He led her first onto the dance floor, enjoying dancing with her, remembering the first time he had done so at her coming out ball in Yorkshire more than three years ago. She had been seventeen and he had been on temporary secondment to the 115th Yorkshire, a man already married with two young children, who should not have been flirting with the lovely daughter of Sir Matthew Howard. He met her eyes and she smiled at him.
“You’re a good dancer, Colonel.”
“So are you, Mrs van Daan. I can feel them watching me here. Once I let you go, I am not going to get anywhere near you for the rest of the evening.”
“Better make the most of me now then, Colonel.”
He grinned and raised her hand to his lips. “You look very lovely, lass, I can’t say I blame them.”
The music ended and he surrendered her to his officers and went to join Captain Corrigan, watching as she danced her way through the evening. He danced with Caroline Longford and with several Portuguese ladies and reclaimed his wife finally as the supper bell rang, neatly removing her from three disappointed ensigns of the Royal Marines.
“They’ll be crying into their wine,” he said, leading her to a table. “Wait there, I’ll get you some food. And if I find anybody else sitting there when I get back I’m going to challenge him.”
“You’re so dramatic, Paul,” his wife said, arranging her skirts elegantly. Paul collected food and champagne and seated himself opposite her.
“Caroline is proving very popular,” Anne said, watching her friend who was seated at a table surrounded by a collection of young officers who were falling over themselves to provide her with supper.
“She is. I don’t see her husband fighting them off, mind. It’ll serve him right if she finds herself some pretty young officer of the line who will treat her properly.”
“I quite agree,” Anne said serenely, tucking in to cold chicken. “After all, I did.”
Paul choked on his wine. “Are you calling me pretty?” he demanded.
Anne put her head on one side and surveyed him thoughtfully. “I don’t know that I’d go that far,” she said. “But you’re definitely easy on the eye, Colonel, especially in dress uniform.”
Paul was laughing. “Make the most of it, girl of my heart, in a few weeks’ time you’ll have forgotten I was ever this clean.”
“Clean,” Anne said thoughtfully. “Now that reminds me of something.”
“What?” Paul asked, faintly suspicious and his wife gave him a smile sweet enough to chill him.
“Nothing you need to worry about, love. Do you still have that meeting in the morning with the Lisbon Council?”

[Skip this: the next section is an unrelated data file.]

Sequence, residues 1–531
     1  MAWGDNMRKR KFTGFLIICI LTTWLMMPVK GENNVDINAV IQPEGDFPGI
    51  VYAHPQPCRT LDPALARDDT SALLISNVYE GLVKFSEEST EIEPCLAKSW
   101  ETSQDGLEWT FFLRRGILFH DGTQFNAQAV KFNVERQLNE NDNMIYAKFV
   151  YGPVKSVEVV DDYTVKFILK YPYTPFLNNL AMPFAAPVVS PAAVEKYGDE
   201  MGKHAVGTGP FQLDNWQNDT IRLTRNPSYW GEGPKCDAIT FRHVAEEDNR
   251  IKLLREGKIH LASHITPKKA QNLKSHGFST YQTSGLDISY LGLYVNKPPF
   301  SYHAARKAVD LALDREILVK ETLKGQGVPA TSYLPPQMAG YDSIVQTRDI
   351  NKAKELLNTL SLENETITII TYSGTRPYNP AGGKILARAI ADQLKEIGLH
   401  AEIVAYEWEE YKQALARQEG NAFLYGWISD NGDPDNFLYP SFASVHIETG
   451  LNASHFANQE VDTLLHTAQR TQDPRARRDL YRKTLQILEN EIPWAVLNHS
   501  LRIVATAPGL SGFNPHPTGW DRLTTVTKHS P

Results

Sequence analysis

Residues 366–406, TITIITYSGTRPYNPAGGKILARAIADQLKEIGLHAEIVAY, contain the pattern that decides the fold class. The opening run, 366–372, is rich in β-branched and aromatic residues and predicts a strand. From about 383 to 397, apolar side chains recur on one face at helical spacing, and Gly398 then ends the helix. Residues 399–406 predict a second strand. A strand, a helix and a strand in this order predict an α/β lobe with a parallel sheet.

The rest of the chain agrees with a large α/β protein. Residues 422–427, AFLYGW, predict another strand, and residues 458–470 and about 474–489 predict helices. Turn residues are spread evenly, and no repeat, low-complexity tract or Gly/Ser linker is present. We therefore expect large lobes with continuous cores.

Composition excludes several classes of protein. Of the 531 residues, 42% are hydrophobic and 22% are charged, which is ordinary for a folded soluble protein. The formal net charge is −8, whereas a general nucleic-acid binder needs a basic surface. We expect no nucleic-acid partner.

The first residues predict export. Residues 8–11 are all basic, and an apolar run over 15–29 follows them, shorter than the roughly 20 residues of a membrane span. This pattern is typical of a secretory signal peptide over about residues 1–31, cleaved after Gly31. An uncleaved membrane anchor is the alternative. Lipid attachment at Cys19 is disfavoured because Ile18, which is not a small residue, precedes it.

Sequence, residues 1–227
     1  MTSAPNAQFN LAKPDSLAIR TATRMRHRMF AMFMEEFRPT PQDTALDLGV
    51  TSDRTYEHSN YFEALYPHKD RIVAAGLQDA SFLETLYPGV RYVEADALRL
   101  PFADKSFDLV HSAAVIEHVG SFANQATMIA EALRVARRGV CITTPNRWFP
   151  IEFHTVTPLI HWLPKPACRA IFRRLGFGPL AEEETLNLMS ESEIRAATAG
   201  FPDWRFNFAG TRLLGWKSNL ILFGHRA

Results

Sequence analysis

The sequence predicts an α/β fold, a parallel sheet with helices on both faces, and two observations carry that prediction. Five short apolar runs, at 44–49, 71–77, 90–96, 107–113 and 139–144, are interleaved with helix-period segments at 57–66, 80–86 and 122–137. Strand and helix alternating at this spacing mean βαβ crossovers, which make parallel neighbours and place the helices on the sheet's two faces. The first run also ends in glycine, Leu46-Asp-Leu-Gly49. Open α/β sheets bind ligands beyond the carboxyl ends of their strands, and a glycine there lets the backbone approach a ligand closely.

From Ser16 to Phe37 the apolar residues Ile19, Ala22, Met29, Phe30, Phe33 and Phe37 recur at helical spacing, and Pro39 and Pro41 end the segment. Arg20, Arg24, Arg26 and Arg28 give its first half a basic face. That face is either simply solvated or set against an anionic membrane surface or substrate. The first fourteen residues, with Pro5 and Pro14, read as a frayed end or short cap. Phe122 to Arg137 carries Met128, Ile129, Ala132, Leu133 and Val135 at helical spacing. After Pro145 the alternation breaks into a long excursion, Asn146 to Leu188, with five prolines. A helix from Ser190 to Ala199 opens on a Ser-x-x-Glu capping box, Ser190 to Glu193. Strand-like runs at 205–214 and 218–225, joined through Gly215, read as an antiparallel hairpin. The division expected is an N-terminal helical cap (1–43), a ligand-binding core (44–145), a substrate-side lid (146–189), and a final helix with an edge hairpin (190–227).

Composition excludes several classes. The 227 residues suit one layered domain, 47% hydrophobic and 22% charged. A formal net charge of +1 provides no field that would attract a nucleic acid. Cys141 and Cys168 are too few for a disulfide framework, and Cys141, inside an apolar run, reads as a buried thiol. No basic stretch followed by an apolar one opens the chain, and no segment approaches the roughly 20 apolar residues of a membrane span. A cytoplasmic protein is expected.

“I do. I’m trying to get them to set up a more organised system for supplying the refugees. There is food coming in from England but it’s not getting to where it’s needed.”
She was smiling, sipping her champagne. “It’s not really your problem, Colonel.”
“No. And in a few weeks’ time I’ll have to leave it alone. But at the moment…”
He broke off, slightly sheepishly and she laughed. “Well I’m busy tomorrow. But if you want me to come to a meeting with you after Christmas, Paul, let me know.”
“I wonder what they would say?” he asked.
“Oh they’d be appalled. A woman applying herself to men’s business? Shocking. But that won’t stop me if you’d let me.”
Paul studied her for a moment. He was thinking of his gentle sister-in-law, Patience, who was rearing his children and taking care of his father and brother and who had probably never once stepped out of her domestic sphere. Anne’s willingness to become involved had surprised him when she had first arrived in Portugal with her first husband but he had become accustomed to it by now.
“Yes, why not?” he said. “You’ll shock the hell out of them, but that might do them some good. Come and dance with me, if you’re finished. I’ve just remembered how much I love you.”
They left under a soft new moon. Paul handed both women into the carriage and climbed in. The streets were very dark and quiet under a midnight hush, and he reached for his wife’s hand in the folds of her cape and held it, feeling very content. There had been times when he had railed against Lord Wellington for sending him on this posting, so far from what action there was, but tonight he felt a sense of gratitude to his commander for giving him this first Christmas with Anne beside him. He knew that the idea would not have occurred to his chief, who had thought only of the job he wanted done, but it had given Paul a brief spell of normality with his new wife before the war overtook them again.
There was a squeal of carriage brakes, and the vehicle lurched suddenly as one of the two horses reared up, whinnying in fright. Paul caught Caroline Longford who had been thrown forward and would have ended up on the floor. His own wife had managed to steady herself without aid.
“What the bloody hell was that?” Captain Longford demanded. “Sorry, ma’am, forgot myself.”
“Don’t worry about it, Captain. Paul…”
“I’ll see,” Paul said, his hand already on the carriage door. He jumped down onto the cobbled street and saw his coachman, lantern in hand, peering into the darkness. “What happened, Jose?”